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Thursday, July 17, 2014

The Soldiers of Christ / Allah / Israel


But the Soldiers of [Christ / Allah / Israel] may safely fight their battles …, fearing neither sin if they smite the enemy, nor danger at their own death; since to inflict death or to die for [Chris / Allah / Israel] it is no sin, but rather, an abundant claim to glory. In the first case one gains for [Christ / Allah / Israel], and in the second one gains [Christ / Allah / Israel] himself. …

The soldier of [Christ / Allah /Israel], I say, may strike with confidence and die yet more confidently, for he serves [Christ / Allah / Israel] when he strikes, and serves himself when he falls. Neither does he bear the sword in vain, for he is God's minister, for the punishment of evildoers and for the praise of the good. If he kills an evildoer it is not homicide, but, if I may so put it, malicide. He is evidently the avenger of [Christ / Allah / Israel] towards evildoers and he is rightly considered a defender of [Christians / Muslims / Israel]. Should he be killed himself, we know that he has not perished, but has come safely into port. When he inflicts death it is to [Christ's / Allah’s / Israel’s] profit, and when he suffers death, it is for his own gain. The [Christian / Muslim / Israeli] glories in the death of the pagan, because [Christ / Allah / Israel] is glorified; while the death of the [Christian / Muslim / Israeli] gives occasion for the King to show his liberality in the rewarding of his soldier. In the one case the just shall rejoice when he sees justice done, and in the other man shall say, truly there is a reward for the just; truly it is God who judges the earth.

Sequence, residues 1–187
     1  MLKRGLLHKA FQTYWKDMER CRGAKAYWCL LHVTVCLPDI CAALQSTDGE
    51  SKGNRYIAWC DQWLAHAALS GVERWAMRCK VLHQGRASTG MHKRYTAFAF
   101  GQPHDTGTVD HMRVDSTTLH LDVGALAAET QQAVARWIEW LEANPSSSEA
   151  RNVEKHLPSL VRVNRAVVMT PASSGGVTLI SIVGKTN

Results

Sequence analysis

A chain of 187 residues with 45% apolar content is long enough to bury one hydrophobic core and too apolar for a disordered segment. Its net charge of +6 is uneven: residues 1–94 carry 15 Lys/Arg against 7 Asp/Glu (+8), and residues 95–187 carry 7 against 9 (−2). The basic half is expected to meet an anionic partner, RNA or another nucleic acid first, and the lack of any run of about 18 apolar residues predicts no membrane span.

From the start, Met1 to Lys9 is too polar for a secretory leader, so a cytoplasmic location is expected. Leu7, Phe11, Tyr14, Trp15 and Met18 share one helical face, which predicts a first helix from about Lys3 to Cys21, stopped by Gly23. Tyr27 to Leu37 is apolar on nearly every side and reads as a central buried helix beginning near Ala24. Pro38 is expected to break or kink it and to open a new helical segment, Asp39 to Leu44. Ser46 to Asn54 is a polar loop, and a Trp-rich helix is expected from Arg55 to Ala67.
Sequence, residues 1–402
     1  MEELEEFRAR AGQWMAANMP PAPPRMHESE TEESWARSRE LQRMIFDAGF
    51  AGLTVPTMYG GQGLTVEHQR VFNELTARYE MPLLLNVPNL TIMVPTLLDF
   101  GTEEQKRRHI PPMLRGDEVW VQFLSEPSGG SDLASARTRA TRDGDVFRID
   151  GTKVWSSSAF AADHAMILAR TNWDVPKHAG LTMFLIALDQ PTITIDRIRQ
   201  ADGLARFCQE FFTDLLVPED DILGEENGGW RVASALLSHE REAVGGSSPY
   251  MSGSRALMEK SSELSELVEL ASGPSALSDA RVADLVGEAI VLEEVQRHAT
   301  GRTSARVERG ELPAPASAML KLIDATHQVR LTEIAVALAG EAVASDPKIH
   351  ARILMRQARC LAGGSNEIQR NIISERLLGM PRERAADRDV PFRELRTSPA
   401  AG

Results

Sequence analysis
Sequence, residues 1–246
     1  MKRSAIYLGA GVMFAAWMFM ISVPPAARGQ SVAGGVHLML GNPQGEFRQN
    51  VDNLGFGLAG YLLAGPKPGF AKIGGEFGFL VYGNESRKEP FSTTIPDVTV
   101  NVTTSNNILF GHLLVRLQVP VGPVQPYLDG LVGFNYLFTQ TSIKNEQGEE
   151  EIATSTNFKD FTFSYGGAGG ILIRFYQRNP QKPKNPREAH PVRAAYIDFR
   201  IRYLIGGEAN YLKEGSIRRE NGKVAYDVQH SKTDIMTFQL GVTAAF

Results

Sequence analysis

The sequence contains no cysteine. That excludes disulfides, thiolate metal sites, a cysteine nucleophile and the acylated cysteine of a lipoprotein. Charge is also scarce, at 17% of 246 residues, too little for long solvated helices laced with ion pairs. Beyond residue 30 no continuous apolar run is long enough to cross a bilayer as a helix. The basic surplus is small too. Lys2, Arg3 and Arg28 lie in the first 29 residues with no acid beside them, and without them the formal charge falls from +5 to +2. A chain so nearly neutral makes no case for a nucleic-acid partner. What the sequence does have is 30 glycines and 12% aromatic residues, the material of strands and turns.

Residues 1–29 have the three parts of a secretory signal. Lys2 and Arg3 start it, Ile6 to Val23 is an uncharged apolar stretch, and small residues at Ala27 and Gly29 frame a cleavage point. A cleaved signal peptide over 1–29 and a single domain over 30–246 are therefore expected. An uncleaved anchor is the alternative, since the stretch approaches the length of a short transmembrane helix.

If you find any one of these more acceptable – or more loathsome than the other two variations, you are a hypocrite.



The words come from Bernard of Clairveaux’s work Liber ad Milites Templi: De Laude Novae Militae (Book to the Knights of the Temple: In Praise of the New Knighthood) written sometime between 1120 and 1136 CE in defense of the newly formed Poor Fellow-Soldiers of Christ and of the Temple of Solomon (the Knights Templar). I added the variations for comparison You can read most of the original (in English translation) here.

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